HSJ’s roundup of Monday’s must-read stories
Today’s talking point: Monitor director - Using existing tech better could save trusts money
Have you tried switching it off and on again?
Monitor’s new director of provider sustainability has used his first interview in the role to urge providers to make the most of existing technology to help cut costs.
Adam Sewell-Jones told HSJ that in his “personal experience”, when new IT systems were implemented at trusts “the old one could always do [the same thing] but no one had switched it on or used it”.
Mr Sewell-Jones is no stranger to the stresses of turning around a struggling organisation after his tenure as deputy chief executive at Basildon and Thurrock University Hospitals Foundation Trust. He said he was “keen to push” better use of technology as part of NHS Improvement’s remit, adding that providers had made poor use of technology already at their fingertips.
He rubbished claims from some providers that no further savings can be made this year, citing skill mix reviews as one possible way to shake out further efficiencies.
A question mark hangs over the role of Mr Sewell-Jones’ team when NHS Improvement comes into being. He called for a decision sooner rather than later, but added there was no point trying to rush to find the “right model” for the new organisation.
A feather in their cap
Some of the more fevered claims in favour of the Department of Health’s cap on agency pay rates got a healthy splash of cold water on Monday, as journalists perused Monitor and the NHS Trust Development Authority’s impact assessment of the proposed rules.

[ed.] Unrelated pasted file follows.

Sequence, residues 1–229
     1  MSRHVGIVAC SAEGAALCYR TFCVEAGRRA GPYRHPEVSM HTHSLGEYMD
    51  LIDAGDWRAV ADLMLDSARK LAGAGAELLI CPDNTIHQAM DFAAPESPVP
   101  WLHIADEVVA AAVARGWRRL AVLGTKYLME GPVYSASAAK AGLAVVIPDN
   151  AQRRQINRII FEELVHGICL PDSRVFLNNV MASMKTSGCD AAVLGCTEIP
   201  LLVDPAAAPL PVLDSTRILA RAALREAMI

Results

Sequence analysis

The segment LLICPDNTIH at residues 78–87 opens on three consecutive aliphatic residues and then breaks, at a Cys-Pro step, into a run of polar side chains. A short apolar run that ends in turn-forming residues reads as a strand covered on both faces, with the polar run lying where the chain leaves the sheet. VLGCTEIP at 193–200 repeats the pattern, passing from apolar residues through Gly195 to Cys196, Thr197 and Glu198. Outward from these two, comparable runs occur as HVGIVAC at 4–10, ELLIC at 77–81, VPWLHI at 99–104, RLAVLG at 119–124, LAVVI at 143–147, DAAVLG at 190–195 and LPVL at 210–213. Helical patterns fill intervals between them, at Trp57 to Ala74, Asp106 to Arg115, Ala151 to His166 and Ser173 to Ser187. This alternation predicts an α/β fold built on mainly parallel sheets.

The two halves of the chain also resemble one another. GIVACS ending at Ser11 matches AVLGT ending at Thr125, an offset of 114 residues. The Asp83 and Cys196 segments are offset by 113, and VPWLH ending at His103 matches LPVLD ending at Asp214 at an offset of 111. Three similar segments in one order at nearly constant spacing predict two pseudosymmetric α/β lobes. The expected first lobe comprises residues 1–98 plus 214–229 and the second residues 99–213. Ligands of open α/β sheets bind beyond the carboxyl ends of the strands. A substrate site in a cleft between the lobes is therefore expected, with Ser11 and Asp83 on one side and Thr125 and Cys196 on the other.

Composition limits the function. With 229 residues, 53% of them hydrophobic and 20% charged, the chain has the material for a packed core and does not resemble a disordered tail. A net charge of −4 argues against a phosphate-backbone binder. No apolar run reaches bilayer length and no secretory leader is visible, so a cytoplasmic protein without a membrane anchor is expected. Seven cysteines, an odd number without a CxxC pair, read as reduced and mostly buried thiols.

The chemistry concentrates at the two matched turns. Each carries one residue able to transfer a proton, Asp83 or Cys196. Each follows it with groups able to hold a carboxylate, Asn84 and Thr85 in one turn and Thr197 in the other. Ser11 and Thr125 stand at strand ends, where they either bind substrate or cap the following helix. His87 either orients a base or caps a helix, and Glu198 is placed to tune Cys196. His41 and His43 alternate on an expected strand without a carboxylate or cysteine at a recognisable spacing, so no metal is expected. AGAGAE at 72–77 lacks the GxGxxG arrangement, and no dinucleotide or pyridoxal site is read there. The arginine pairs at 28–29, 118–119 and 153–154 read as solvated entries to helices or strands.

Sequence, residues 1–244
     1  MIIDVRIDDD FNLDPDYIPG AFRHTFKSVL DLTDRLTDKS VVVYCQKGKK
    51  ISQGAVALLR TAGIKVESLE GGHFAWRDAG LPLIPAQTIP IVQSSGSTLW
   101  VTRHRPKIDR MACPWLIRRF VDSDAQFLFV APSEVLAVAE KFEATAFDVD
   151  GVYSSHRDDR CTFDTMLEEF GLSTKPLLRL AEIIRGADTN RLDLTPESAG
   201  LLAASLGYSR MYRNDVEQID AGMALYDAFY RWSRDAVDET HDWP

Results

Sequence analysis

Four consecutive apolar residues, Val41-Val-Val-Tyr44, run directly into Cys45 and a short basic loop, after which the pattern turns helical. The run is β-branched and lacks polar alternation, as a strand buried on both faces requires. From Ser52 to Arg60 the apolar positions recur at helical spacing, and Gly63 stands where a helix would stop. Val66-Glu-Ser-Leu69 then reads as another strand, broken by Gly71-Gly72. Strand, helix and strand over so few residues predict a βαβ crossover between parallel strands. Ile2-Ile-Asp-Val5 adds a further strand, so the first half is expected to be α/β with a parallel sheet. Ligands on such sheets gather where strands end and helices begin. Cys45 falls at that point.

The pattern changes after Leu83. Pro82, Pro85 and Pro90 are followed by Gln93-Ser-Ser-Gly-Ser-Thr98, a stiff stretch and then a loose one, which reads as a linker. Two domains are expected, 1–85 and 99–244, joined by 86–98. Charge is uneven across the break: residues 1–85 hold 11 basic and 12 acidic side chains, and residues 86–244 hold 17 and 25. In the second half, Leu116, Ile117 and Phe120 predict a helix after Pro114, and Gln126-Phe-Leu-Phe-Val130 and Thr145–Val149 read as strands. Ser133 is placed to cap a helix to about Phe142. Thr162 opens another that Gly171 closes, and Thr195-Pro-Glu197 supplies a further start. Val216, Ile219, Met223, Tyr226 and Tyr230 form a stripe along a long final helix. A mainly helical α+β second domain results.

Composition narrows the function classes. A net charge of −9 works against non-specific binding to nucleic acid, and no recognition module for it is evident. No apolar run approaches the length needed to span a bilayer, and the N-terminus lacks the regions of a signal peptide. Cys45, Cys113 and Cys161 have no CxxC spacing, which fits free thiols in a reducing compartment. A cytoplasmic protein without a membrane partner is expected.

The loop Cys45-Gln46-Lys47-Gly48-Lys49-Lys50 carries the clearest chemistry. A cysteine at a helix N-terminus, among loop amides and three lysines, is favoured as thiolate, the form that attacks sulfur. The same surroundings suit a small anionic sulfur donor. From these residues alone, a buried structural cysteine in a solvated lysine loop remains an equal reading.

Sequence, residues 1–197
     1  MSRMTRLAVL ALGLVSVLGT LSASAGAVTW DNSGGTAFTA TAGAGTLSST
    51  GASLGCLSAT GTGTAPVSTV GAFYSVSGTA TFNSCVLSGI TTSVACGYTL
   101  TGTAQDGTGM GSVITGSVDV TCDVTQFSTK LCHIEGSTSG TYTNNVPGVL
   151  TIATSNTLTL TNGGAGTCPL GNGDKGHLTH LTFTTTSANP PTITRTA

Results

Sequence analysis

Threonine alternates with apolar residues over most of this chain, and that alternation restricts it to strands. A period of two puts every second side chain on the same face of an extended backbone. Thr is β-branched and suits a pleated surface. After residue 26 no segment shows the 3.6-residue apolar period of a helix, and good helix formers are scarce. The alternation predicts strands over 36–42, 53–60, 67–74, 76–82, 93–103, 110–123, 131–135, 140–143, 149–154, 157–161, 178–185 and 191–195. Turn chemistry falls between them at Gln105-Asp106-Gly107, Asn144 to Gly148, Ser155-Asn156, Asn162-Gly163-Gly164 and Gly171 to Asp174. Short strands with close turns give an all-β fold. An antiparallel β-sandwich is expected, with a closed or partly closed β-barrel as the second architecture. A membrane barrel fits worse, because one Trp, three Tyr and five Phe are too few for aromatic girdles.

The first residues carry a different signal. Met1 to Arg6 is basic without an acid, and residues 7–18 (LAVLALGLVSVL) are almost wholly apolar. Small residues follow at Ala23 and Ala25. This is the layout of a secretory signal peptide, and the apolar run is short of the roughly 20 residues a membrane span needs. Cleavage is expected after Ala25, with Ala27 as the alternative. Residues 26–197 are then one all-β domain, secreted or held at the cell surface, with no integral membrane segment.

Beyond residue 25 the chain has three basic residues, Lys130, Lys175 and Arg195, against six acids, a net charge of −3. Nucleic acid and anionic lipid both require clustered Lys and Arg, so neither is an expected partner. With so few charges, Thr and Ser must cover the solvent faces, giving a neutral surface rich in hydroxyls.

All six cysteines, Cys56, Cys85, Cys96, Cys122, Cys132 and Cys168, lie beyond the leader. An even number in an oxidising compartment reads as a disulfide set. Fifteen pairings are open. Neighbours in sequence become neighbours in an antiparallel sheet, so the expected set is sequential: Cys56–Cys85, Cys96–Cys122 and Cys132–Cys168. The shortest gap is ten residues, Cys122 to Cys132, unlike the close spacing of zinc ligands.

The regulators warn that while “national level price caps may play a role in reducing the reliance and expenditure on agency and locum staff”, they come with “significant risks to patient safety and performance, which need to be managed, and risks that savings will be limited”.
These risks, they suggest, are likely to pose the “greatest difficulties” to trusts already in special measures or subject to regulatory action, and those in isolated rural areas.
Oh, and it adds a further risk that the caps could increase overall pay costs, if trusts respond by significantly increasing wage rates for all staff, potentially through increased use of overtime.
On balance, the regulators come down in favour of “taking action to tackle agency costs now and bring agency staff back into the regular workforce”.
But the impact assessment appears to confirm fears that the caps will do little to rein in this year’s spiralling provider deficit. It estimates the caps scheduled to come in in late November – which are more generous than those which take effect in April 2016 – would only save around £200m per annum.